Food Coalition

Humanitarian response Coronavirus disease 2019 (COVID-19) - Sierra Leone

Prior to the COVID-19 pandemic, food access in Sierra Leone was already constrained due to inflation and the depreciation of local currency for the past three years, with below-average crop production and high dependency on imported foodstuffs. Furthermore, the effects of the 2014–2016 Ebola virus disease outbreak in the country are still felt today. There is, therefore, an urgent need to address not only health-related needs, but also the social and economic conditions of the most vulnerable populations.

Following the first reported cases of COVID-19 in the country in March 2020, the Government put in place urgent and essential measures, including lockdown, movement restrictions and market closures to slow the spread of the virus. In addition, the fear of contracting the virus led over 60 percent of the population to stay at home, resulting in a general economic slowdown and income losses.

Below-average cereal production resulted in increased import requirements for 2020 in the context of inflation and depreciation of the exchange rate that has been continuously occurring for three years prior to the COVID-19 pandemic. Despite a timely start to the rainy season in late March, the 2020 main planting season (April–July) for rice – the main staple crop – is being disrupted by movement restrictions, and limited access to land, inputs and agricultural labour. Significant seed shortages have been reported due to market disruptions, while farmers have  consumed part of the seeds meant for planting as they were struggling to access food. This is all likely to affect the outcome of the 2020 main cropping season as well as the following season.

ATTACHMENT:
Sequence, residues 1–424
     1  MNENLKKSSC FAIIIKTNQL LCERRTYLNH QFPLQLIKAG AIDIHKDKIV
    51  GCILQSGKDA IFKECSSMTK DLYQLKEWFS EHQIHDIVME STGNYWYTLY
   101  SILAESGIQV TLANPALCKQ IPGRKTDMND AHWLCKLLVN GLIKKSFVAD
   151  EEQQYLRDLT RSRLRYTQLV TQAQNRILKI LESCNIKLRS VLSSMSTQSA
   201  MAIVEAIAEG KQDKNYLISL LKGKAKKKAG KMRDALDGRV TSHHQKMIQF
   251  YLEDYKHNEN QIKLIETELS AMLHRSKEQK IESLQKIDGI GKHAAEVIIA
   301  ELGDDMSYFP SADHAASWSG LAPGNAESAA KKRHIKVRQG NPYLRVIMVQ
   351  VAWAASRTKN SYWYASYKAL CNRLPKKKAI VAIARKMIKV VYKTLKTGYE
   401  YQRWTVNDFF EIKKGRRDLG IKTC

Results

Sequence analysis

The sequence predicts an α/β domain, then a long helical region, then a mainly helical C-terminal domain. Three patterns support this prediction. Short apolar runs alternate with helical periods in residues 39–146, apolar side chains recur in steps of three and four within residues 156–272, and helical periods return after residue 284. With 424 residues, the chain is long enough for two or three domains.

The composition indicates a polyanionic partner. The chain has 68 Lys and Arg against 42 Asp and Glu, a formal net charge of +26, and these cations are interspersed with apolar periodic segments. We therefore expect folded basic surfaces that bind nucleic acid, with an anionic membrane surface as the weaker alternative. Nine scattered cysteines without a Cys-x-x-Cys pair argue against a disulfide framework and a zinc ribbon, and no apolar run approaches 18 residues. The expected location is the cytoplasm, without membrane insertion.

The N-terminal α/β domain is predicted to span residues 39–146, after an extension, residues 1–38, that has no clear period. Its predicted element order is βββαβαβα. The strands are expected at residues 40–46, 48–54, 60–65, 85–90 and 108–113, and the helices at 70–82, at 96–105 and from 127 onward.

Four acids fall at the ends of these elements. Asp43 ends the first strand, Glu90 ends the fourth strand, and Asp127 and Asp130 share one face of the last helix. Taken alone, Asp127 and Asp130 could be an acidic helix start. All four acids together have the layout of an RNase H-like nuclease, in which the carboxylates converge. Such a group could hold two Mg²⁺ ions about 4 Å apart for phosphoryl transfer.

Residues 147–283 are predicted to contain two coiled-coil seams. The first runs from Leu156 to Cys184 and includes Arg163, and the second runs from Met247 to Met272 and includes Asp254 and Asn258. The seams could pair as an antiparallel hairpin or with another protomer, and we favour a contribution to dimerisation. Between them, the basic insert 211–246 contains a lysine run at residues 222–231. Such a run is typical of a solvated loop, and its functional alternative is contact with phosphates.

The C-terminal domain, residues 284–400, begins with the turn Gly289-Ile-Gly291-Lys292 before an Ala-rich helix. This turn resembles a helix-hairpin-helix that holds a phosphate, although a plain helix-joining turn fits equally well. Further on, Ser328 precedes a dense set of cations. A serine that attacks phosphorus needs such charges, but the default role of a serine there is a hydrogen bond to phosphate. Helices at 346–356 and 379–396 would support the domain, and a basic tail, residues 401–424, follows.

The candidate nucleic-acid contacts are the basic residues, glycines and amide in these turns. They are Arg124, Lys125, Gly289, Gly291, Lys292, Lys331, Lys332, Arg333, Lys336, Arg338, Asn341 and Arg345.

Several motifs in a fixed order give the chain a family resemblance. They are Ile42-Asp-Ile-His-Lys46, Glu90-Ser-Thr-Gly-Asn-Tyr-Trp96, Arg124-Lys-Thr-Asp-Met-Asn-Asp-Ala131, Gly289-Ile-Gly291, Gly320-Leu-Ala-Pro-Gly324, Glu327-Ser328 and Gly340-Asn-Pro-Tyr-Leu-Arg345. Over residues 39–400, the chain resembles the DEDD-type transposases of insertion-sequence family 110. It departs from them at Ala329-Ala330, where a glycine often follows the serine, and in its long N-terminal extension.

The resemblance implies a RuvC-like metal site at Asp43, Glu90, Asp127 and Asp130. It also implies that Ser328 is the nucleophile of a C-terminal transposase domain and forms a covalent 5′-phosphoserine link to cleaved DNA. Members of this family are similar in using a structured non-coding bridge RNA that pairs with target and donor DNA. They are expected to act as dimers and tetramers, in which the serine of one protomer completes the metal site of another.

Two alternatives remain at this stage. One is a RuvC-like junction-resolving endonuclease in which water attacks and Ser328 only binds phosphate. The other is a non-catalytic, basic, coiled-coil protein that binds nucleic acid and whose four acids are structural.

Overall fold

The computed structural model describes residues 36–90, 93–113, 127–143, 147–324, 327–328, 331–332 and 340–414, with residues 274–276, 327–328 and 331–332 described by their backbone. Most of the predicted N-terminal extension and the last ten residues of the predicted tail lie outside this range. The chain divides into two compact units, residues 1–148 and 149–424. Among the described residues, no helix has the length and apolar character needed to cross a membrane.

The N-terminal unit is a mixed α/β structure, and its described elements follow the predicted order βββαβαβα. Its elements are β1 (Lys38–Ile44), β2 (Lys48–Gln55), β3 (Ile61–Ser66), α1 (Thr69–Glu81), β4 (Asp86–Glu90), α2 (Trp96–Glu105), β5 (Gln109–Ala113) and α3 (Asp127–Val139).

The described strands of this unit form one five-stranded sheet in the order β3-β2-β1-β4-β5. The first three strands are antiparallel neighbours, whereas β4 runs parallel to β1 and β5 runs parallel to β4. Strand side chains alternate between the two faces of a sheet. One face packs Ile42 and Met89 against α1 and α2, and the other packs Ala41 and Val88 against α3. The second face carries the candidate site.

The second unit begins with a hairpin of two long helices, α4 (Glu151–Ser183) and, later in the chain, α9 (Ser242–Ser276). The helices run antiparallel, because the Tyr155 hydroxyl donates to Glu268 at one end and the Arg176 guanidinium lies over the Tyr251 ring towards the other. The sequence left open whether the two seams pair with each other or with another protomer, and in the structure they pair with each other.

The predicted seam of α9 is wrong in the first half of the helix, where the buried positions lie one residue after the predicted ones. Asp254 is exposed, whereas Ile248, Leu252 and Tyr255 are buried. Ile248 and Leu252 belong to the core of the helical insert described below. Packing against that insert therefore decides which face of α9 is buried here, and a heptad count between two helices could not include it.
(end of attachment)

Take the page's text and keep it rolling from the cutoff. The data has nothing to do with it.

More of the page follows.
The effects of COVID-19 on the supply chain of food and other imported commodities have exacerbated the existing trends of increased food prices in Sierra Leone. Cereal prices were already above average due to currency depreciation and high dependency on food imports. In March 2020, the majority of households were spending most of their income on food, and since then income losses and a decline in remittances have further hampered access to food. In addition, the effects of the essential health-related containment measures have affected the flow of farm produce to markets.

The latest Cadre Harmonisé (March 2020) projected that over 1.3 million people would face acute food insecurity at crisis or worse levels during the lean season (June–August 2020), mainly in the districts Bonthe, Kenema and Moyamba; however, the analysis was carried out prior the COVID-19 pandemic and did not take into account its effects nor of the related containment measures. The situation has been exacerbated by market disruptions, mainly affecting smallholder farmers, urban slum dwellers and other vulnerable groups such as female-headed households. The main causes of food insecurity include limited access to markets and increased food prices, and subsequent adoption of negative coping mechanisms such as reduced and irregular food consumption.

Priority Areas of work: Global Humanitarian Response Plan
SDG: 1. No Poverty, 2. Zero Hunger, 5. Gender Equality, 16. Peace and Justice Strong Institutions
Level: Country
Country: Sierra Leone
Budget: USD 4.25 million

Action Sheet:  SL_CB0210EN.pdf

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